Bobst Library, New York University
This article proposes a comparative analytical framework to study changes in Islamic law during the post-Mongol period, particularly the rise of the official school of law (or state madhhab). Taking as my case study the Ottoman adoption of a particular branch within the Sunni Hanafi school of law, I suggest that this adoption marks a new chapter in Islamic legal history. In earlier periods, while rulers appointed judges and thus regulated the adjudication procedures, they did not intervene, at least theoretically, in the structure and doctrine of the schools of law, which remained the relatively autonomous realm of the jurists. The Ottoman adoption of the school, by contrast, was not merely an act of state patronage, since the dynasty played an important role in regulating the school's structure and doctrine. To this end, it employed a set of administrative and institutional practices, such as the development of an imperial learned hierarchy with standardized career and training tracks and the appointment of jurisconsults (muftis). Some of these practices were found in other polities across the eastern Islamic lands in the post-Mongol period, but these similarities have not been treated comparatively in modern historiography. They suggest that the Ottoman case was part of a broader legal culture that spanned several polities across the region. This article outlines a framework that will enable historians of Islamic law to treat these similarities in a more coherent manner. The framework raises key issues in the historiography of Islamic law and its nineteenth-century modernization.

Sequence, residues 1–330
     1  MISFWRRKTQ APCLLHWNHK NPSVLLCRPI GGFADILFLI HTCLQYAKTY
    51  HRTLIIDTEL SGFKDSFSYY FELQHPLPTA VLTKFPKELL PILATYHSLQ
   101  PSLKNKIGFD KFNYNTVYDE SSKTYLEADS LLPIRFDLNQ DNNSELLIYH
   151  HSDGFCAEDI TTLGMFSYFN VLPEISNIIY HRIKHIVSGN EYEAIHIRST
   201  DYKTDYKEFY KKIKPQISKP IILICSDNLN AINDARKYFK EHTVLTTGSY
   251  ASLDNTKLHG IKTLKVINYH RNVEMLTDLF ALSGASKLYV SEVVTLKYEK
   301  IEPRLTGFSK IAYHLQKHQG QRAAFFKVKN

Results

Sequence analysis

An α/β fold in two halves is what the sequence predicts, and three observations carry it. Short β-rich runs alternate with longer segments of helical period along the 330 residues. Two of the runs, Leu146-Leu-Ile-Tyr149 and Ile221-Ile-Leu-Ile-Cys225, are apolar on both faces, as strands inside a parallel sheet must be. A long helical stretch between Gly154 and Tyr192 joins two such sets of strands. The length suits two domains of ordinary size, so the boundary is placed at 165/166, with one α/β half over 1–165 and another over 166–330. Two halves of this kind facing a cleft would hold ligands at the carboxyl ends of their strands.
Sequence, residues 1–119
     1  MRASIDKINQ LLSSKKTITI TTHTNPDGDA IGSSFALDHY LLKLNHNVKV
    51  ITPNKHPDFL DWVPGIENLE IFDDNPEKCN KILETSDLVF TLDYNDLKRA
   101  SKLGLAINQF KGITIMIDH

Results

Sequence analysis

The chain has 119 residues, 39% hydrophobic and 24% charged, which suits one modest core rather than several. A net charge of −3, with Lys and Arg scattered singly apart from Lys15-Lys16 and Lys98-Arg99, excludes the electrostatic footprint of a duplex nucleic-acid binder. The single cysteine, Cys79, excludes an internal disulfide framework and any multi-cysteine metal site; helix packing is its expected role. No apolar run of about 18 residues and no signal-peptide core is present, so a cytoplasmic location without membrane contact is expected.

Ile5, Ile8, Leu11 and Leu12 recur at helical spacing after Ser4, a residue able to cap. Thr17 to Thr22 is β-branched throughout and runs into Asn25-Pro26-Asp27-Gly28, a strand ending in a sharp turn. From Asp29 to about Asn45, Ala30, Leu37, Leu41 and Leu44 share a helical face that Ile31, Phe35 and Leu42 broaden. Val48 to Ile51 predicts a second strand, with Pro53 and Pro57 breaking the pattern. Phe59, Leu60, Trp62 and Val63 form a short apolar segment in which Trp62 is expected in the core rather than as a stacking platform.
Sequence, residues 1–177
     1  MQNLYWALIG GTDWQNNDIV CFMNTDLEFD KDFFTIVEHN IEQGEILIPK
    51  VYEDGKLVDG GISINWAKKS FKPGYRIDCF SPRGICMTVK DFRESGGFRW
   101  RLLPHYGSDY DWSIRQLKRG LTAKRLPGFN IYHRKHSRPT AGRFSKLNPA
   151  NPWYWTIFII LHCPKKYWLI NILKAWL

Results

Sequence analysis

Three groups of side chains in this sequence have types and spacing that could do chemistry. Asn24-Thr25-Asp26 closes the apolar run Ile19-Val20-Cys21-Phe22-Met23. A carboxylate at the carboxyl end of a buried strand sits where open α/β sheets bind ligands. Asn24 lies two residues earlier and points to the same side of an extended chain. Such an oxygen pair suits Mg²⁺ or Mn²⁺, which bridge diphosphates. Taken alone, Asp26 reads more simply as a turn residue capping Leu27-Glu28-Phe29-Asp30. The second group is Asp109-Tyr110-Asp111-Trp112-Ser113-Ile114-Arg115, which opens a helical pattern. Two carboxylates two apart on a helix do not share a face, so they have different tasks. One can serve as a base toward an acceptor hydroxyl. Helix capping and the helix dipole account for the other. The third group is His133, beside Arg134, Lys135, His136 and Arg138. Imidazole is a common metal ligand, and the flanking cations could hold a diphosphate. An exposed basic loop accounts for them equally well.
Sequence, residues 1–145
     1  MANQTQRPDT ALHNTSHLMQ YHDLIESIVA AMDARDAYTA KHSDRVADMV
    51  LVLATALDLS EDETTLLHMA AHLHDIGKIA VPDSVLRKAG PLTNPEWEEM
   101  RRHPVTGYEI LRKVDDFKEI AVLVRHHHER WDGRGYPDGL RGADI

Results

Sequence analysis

Many readers commented on many versions of this article. I would like to thank Bruce Grant, Adi Burak, Yigal Nizri, Nada Moumtaz, Jonathan Brown, Selma Zecevic, Michael Gilsenan, and the participants at the May 2012 Approaches to Islamic Law and Society workshop at New York University's Hagop Kevorkian Center. I am also grateful to the anonymous CSSH reviewers for detailed comments and suggestions and to Andrew Shryock for encouragement. I also thank the Islamic Legal Studies Program of Harvard Law School for the fellowship during which this article was substantially revised.